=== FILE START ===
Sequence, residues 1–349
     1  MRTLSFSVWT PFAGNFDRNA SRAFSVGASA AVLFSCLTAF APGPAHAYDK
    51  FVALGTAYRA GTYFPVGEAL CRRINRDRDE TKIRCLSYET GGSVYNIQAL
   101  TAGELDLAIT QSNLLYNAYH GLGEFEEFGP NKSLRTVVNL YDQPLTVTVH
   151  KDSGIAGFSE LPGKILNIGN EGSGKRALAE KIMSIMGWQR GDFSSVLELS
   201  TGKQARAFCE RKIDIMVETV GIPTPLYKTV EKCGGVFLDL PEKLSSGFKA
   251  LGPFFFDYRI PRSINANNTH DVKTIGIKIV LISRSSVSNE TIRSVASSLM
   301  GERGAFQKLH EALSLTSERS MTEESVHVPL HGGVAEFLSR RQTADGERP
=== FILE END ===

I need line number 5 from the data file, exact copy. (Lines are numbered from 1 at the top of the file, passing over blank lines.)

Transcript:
   151  KDSGIAGFSE LPGKILNIGN EGSGKRALAE KIMSIMGWQR GDFSSVLELS